Many factors can weaken our pelvic floor muscles; pregnancy, childbirth, and aging. Although hidden from our view, the pelvic floor muscles have an important role in supporting a woman’s womb, our bladders, and our bowels. If the muscles are weak and inactive, these pelvic organs may not be supported. This can be uncomfortable and painful, and lead to issues such as urinary incontinence.
Our pelvic floor muscles tend to take the back seat. Our pelvic floor muscles, are just as important, if not more important than our other main muscle groups, and need to be strengthened on a daily basis. We can be consciously control and train our pelvic floor muscles and we do not need to be at the gym or use special equipment to do to.
Like every other muscle in our bodies, the pelvic floor muscles will become stronger with a regular exercise program.
Identifying Your Pelvic Floor Muscles
The very first step in performing your pelvic floor muscle exercises is to correctly identify pelvic floor muscles.* Stop or slow the flow of urine midway through emptying your bladder. Please note, stopping the flow of urine while on the toilet is not a pelvic floor exercise, but it is a way to help you identify your pelvic floor muscles. This will identify which muscles are needed for bladder control. **
How to Exercise Our Pelvic Floor Muscles
Sit, stand or lie down with your legs slightly apart. Relax your thighs, butt cheeks and your abdomen muscles.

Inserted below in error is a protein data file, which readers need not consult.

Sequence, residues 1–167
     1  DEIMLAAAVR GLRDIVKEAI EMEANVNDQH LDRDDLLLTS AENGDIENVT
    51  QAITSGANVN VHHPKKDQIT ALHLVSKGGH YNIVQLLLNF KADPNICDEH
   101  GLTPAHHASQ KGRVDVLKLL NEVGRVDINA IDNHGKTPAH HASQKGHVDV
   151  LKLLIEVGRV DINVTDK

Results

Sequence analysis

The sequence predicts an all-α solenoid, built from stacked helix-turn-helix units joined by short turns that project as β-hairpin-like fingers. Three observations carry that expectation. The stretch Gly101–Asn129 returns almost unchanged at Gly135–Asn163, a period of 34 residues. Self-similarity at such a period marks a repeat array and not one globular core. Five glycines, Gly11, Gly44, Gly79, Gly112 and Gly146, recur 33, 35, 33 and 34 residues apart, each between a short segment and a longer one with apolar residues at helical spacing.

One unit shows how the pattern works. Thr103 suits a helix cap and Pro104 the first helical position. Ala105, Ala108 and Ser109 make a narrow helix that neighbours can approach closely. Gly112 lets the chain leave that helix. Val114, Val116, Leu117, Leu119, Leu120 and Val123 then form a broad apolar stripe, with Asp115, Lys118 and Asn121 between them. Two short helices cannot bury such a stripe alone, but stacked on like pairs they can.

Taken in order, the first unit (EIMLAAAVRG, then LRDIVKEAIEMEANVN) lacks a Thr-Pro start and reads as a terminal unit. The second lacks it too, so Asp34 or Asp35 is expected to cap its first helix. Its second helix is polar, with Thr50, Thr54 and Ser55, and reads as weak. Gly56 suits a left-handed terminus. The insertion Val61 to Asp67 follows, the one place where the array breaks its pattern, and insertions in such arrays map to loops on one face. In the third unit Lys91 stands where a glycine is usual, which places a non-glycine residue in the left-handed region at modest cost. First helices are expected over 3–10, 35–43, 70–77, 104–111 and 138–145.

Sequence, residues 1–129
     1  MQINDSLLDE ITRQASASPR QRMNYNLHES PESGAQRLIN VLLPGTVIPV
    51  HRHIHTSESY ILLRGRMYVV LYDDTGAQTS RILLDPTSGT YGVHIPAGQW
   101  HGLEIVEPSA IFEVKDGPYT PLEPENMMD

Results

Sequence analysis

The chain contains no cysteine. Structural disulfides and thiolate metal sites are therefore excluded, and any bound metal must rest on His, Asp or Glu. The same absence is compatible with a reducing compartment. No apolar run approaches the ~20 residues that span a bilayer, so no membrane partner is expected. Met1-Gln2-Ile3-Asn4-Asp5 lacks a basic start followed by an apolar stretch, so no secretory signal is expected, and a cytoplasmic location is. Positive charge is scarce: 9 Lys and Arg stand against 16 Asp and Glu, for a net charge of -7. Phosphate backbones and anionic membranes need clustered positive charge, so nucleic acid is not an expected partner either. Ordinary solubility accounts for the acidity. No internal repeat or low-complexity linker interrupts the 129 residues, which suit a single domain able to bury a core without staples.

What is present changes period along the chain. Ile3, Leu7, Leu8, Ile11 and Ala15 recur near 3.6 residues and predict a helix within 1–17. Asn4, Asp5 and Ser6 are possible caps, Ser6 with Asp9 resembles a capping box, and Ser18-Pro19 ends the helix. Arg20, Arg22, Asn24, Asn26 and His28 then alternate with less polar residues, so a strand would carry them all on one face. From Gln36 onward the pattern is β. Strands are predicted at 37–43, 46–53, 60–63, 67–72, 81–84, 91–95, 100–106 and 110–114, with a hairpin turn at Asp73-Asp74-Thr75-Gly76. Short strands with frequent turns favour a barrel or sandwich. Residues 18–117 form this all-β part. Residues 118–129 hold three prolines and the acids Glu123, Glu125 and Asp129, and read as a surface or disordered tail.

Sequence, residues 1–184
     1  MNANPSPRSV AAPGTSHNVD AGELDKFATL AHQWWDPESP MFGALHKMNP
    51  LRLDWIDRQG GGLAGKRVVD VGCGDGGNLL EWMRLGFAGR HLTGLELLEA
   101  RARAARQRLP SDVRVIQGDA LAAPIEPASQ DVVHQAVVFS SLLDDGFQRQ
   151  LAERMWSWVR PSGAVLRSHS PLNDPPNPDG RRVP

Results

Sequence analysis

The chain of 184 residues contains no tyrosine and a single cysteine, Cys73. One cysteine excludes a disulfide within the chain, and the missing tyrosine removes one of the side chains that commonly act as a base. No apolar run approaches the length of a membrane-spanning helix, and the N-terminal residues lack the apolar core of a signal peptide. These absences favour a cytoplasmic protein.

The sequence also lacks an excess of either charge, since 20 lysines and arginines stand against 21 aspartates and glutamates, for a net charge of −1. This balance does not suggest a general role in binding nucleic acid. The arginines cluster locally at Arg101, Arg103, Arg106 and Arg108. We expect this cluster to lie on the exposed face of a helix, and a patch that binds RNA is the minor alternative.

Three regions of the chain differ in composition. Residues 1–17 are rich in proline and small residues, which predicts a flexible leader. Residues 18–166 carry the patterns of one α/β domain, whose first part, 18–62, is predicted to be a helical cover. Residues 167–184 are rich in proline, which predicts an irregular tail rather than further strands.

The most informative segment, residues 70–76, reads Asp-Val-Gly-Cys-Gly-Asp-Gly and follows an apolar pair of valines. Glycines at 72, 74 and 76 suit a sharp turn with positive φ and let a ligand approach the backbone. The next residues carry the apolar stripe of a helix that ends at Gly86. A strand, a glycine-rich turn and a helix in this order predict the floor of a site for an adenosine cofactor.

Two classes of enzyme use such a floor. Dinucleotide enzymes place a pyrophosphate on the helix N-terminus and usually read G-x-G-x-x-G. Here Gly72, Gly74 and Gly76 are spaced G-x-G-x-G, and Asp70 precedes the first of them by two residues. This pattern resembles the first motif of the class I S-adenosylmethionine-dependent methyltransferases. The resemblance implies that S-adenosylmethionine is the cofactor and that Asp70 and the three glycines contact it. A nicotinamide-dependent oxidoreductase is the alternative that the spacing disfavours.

Find your pelvic floor muscles (see above).
Once you know which muscles are in fact your pelvic floor muscles, slowly squeeze and tighten the ring of muscle that is found around the front passages of the vagina, drawing the pelvic floor muscles up inside. It is as if you are trying to stop the flow of urine. Squeeze in the muscles around the back passage, as if trying to stop passing wind. Identify the muscles that contract when you do both these two contractions together. Then relax and loosen them.
Do this about ten times.
Repeat 3 times every day.
The benefits of regularly training your pelvic floor muscles include:
•improved bladder control
•after certain surgeries, and even childbirth, woman are at an increased risk of prolapse, but regular pelvic floor training reduces this risk
•increase sexual pleasure and orgasmic potential
*Before starting a pelvic floor muscle training program please seek guidance from your trainer here at The Yummy Mummy Club. It is essential to identify your pelvic floor muscles correctly before starting an exercise regime.
** This is not recommended to be done regularly